Author’s note: this article was updated to clarify that the author of the telegram and mayor of El Paso was Thomas Calloway Lea, Jr. and the artist is Thomas C. Lea III. The artist is the son of the mayor.
Who is speaking for El Paso? That is the important question that El Pasoans should be having but are not. By most measures, El Paso is over 80% Hispanic. Hispanics out number the Anglos in the community. But as one looks around El Paso it soon becomes apparent that the representation of Latinos in El Paso does not correlate with the demographics of the city.
Who are the Latino captains of industry of El Paso? Who represents El Paso at UTEP, a predominantly Hispanic school? What ethnicity governs El Paso? Who runs the police department and sheriff’s office?
Look at the leadership makeup of El Paso and ask yourself the simple question, do they represent the community I live in?
Clearly, the majority Hispanic community in El Paso is underrepresented.
Is it because Hispanics are marginalized? Is it because Latinos do not aspire to be leaders of industry or is because we do not want to serve in government? Or, is it just simply the different wants and needs of people?
Monday’s piece about the namesake of Bowie High School elicited several comments from erasing history to the shock of realizing that the pride of the demarginalized Mexican-American community is named after a slave trader who broke the law of the time selling slaves he had no right to sell.
The comments were not segregated by ethnicity as both sides chimed in on both sides of the debate.
The fact that not many readers realized that Bowie was named after a slave trader is the reason why El Pasoans should be discussing the history they think they know.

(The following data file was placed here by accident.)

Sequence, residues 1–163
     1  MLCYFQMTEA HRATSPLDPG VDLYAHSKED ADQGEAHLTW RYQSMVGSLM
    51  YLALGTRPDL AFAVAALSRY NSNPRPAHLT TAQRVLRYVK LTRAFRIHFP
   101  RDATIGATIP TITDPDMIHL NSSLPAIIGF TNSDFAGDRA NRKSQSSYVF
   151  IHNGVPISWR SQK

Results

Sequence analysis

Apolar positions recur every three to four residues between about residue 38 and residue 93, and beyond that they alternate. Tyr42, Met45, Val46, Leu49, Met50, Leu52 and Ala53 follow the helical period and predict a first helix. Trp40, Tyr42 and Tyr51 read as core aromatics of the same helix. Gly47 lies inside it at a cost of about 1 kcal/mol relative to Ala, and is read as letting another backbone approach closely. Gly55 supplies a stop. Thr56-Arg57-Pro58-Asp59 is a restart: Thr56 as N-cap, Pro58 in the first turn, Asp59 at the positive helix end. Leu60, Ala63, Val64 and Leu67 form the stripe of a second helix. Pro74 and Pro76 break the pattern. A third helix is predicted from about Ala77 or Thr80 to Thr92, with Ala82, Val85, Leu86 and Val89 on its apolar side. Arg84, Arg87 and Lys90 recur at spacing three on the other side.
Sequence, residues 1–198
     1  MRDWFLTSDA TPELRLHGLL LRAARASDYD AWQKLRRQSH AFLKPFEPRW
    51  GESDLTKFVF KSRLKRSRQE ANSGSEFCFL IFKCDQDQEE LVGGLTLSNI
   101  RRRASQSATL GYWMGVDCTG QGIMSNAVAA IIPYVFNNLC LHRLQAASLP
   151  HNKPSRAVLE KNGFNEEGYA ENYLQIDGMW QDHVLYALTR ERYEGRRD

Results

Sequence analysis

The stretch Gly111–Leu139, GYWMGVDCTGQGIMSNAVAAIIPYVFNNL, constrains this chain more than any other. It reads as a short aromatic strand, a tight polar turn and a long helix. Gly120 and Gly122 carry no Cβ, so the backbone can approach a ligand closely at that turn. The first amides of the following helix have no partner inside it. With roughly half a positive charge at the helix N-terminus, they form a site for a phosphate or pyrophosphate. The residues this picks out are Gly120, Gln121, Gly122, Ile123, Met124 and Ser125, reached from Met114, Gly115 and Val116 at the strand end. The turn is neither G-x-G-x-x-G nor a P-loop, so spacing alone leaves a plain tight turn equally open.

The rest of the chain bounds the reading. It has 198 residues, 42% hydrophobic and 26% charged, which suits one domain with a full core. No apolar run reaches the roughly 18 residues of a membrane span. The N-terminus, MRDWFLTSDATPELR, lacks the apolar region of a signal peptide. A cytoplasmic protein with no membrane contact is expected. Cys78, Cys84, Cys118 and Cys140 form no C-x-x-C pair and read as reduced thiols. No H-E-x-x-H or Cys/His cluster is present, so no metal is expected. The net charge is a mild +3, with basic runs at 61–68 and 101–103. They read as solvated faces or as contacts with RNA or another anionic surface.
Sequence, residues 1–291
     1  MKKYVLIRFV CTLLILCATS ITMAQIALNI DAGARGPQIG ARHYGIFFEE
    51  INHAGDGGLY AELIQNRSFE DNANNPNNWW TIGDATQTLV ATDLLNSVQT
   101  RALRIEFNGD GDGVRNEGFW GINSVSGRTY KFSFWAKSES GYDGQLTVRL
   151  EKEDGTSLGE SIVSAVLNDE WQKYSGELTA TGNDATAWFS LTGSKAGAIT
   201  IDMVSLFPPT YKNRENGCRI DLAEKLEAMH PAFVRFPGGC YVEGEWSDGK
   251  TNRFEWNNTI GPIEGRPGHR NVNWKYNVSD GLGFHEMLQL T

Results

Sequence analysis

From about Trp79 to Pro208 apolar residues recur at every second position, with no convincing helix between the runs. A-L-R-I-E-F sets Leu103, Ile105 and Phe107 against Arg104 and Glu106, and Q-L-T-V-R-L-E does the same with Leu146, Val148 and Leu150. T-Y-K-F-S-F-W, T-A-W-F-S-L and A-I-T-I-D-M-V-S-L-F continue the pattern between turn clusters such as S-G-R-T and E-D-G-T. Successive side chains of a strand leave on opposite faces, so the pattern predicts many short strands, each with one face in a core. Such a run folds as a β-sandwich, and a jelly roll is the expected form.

Mention the name Tom Lea to most El Pasoans and the response is that he was an artist. Some may even remember him as a former mayor of El Paso. The father was the mayor and the son was the artist.
But few, if any, El Pasoans know about what Lea, the father, really thought about the Mexican Americans in El Paso.
“HUNDREDS OF DIRTY LOUSEY DESTITUTE MEXICANS ARRIVING AT EL PASO DAILY/WILL UNDOUBTEDLY BRING AND SPREAD TYPHUS UNLESS A QUARANTINE IS PLACED AT ONCE”. Signed Tom Lea, 1917
No, it is not today’s headlines of the Covid-19 pandemic. It is the fear that typhoid would come to El Paso among the Mexicans who worked in El Paso homes and businesses. To placate the fear of typhoid, El Paso leaders started the toxic fumigation of Mexicans crossing the border.
The Mexicans, both men and women, were made to strip naked and be sprayed with toxic chemicals such as gasoline, DDT, Zyklon B, among other chemicals.
If Zyklon B sounds familiar it is because it was the chemical used by the Nazis as the “preferred killing tool” in the extermination camps during World War II. As a matter of fact, in 1938, Dr. Gerhard Peters, who was convicted of war crimes at Nuremberg, advocated for Zyklon B by using two pictures of the El Paso disinfecting stations.
The disinfecting treatment led to the 1917 Bath Riots at the Santa Fe bridge.
There is no question that Tom Lea’s (father) xenophobia of Mexicans helped to create the narrative about El Paso that poignantly manifested itself in the form of the infamous Glass Beach Study.
Lea’s (artist, son) El Paso is not representative of the El Paso majority Hispanic community. His paintings are nostalgic representations of Anglo cowboys riding out of a western movie. The real history of El Paso is one of the vaquero Tejano that has been quietly relegated to the background of the history of El Paso.
The reason that Tom Lea (artist, son) graces the name of an elementary school or El Paso celebrates Tom Lea Month is because the true history of El Paso has been hijacked by a minority ethnic community that speaks for the city of over 80% Hispanics.
It is this reason why the jewel of Segundo Barrio is named after an Anglo slave trader and why the El Paso narrative is spoken by people who are not Hispanic.